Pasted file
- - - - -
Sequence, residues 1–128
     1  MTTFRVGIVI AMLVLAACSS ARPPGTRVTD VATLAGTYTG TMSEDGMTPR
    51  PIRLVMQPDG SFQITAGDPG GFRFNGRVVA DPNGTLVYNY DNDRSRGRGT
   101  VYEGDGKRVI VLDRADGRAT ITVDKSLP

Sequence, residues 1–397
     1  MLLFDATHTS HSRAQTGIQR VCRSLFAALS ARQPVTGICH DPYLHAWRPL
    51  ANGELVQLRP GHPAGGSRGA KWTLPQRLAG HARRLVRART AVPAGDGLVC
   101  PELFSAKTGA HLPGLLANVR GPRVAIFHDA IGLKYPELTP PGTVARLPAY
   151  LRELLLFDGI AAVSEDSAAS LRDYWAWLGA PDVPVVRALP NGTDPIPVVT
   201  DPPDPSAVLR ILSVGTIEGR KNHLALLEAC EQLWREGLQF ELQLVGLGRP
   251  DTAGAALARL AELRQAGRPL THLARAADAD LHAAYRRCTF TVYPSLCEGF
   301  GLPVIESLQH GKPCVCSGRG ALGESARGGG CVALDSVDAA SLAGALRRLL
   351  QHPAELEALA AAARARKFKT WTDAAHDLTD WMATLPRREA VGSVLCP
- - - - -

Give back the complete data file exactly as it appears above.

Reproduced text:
Sequence, residues 1–128
     1  MTTFRVGIVI AMLVLAACSS ARPPGTRVTD VATLAGTYTG TMSEDGMTPR
    51  PIRLVMQPDG SFQITAGDPG GFRFNGRVVA DPNGTLVYNY DNDRSRGRGT
   101  VYEGDGKRVI VLDRADGRAT ITVDKSLP

Sequence, residues 1–397
     1  MLLFDATHTS HSRAQTGIQR VCRSLFAALS ARQPVTGICH DPYLHAWRPL
    51  ANGELVQLRP GHPAGGSRGA KWTLPQRLAG HARRLVRART AVPAGDGLVC
   101  PELFSAKTGA HLPGLLANVR GPRVAIFHDA IGLKYPELTP PGTVARLPAY
   151  LRELLLFDGI AAVSEDSAAS LRDYWAWLGA PDVPVVRALP NGTDPIPVVT
   201  DPPDPSAVLR ILSVGTIEGR KNHLALLEAC EQLWREGLQF ELQLVGLGRP
   251  DTAGAALARL AELRQAGRPL THLARAADAD LHAAYRRCTF TVYPSLCEGF
   301  GLPVIESLQH GKPCVCSGRG ALGESARGGG CVALDSVDAA SLAGALRRLL
   351  QHPAELEALA AAARARKFKT WTDAAHDLTD WMATLPRREA VGSVLCP